Doctor Who - Heaven Sent

Our Doctor Who expert, Tony Cross, is journeying through all of time and space to bring us his thoughts on every available Doctor Episode. Today's second article is the Twelfth Doctor adventure Heaven Sent...


I’m going to nail my colours to the mast from the beginning here. I think Heaven Sent is not only one of the best episodes of New Doctor Who, I think it is one of the best episodes of Doctor Who ever. In fact*, I think it is one of the best fifty-four minutes of television full stop. It’s certainly Peter Capaldi’s finest (nearly an) hour.

It’s a full-on exploration of grief and loss that you’d never expect from Doctor Who, which as I’ve often said, is often quite glib when it comes to death. People die all the time in Doctor Who and hardly anyone ever really cares. But then if they did this wouldn’t be Doctor Who would it. It would be one of the bleakest television shows ever made. And we get a hint at that here, although this story is also a tribute to the Doctor’s own strength in a way. He nearly breaks here. Nearly. But not quite. At the end he’s arrived somewhere, and he’s emerged, if not victorious but focused from his trial.

Indeed, Heaven Sent truly is the Trial of a Time Lord. For the Doctor is truly tested. Is he found wanting? Well, we shall see.

This story, written by Steven Moffat and directed by Rachel Talalay, features only two actors (and one small child right at the end.) And only one of those, Peter Capaldi, speaks. The other is the slow, silent Veil (Jami Reid-Quarrell). The Veil lurks and reaches to great effect, but this is the Peter Capaldi solo performance and it is brilliant. I am still genuinely raging that his performance in this story went unrecognised at any acting awards. If there was an actor anyway in anything doing a better job than Capaldi in this story, then I’d like to see it. It’s almost as if it was ‘just Doctor Who’, which means it is undeserving of praise. Indeed, this just re-kindles my rage about how the whole Capaldi era was handled by the BBC. How half-arsed the publicity was. How no one seemed to care about it anymore. It genuinely felt – at points – like the fag end of Classic Who when the people running the BBC couldn’t give a toss anymore. Then up pops Jodie Whittaker** and everyone wakes up again.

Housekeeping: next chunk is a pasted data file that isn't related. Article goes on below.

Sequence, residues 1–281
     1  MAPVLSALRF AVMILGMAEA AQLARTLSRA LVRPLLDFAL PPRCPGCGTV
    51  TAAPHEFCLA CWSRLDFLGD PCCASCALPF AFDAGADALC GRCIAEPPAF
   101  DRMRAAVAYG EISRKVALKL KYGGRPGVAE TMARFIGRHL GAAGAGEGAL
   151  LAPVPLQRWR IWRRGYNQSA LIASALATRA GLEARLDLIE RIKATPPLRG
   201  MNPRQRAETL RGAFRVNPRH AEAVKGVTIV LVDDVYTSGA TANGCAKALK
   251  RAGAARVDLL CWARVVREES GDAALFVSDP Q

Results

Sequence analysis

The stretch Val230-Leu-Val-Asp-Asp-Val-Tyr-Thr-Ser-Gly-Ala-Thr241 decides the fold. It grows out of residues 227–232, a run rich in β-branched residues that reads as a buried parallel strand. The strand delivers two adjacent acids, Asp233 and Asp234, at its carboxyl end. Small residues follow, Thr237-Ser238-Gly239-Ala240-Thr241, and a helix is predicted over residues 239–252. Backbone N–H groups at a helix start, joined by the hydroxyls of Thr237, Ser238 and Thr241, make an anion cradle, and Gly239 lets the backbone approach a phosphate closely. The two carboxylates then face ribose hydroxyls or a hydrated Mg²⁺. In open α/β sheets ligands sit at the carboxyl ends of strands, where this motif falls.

The Doctor is trapped inside a castle. A castle whose walls move. The castle is ‘haunted’ by the Veil. The purpose of all this is to get the Doctor to reveal what he knows about something important, The Hybrid. To do this the Doctor’s unseen jailers are prepared to let him die – over & over again. But then the Doctor finds a way out that is both a real wall of crystal and a metaphor for persistence overcoming resistance (to use a horrible phrase I learned a long time ago in sales training.)

Talalay’s direction is superb, especially during the montage sequence as the Doctor repeats his days over and over again creeping closer to escape. This story establishes her as one of the great directors of Doctor Who and there’s more to come. If there’s a story I’d love to see the workings behind it is this one. From Steven Moffat’s decision to write it this way through to the end.

You get the impression at points in this story that the Doctor has given up. He wants to lose. He wants to be left alone to die. He doesn’t want to be the Doctor anymore, but the ghost of Clara past (if ghost is the correct term) is there to remind him of who he is. It’s the sequence inside the Doctor’s TARDIS ‘mind palace’ that bring some of the strongest moments. The one that always gets me – as it seems to summarize grief – is when The Doctor says, ‘But you still won’t be there…’ It’s remarkable acting in a remarkable story.

And then when the Doctor escapes you get one of the great moments of modern Doctor Who. And a stonkingly good cliffhanger. There’s a lot happening here.

To conclude – he says clunkingly – this is one of the great Doctor Who episodes of all time. It’s got the best performance you’ll see from any actor who has played the Doctor in it and it is has things to say about grief that Doctor Who has ignored completely up until now. Why does no one mourn anyone in Doctor Who (or hardly ever)? Well, because – as I said earlier – it wouldn’t be Doctor Who anymore but occasionally it is worth stopping to do so. It makes everything feel more real.

Watch it.

*Not fact. Opinion. Obviously.
**That’s not a criticism of Jodie btw. Who I think is great.

Tony Cross is the creator of the wonderful Centurion Blog's found HERE and HERE

Image – BBC.

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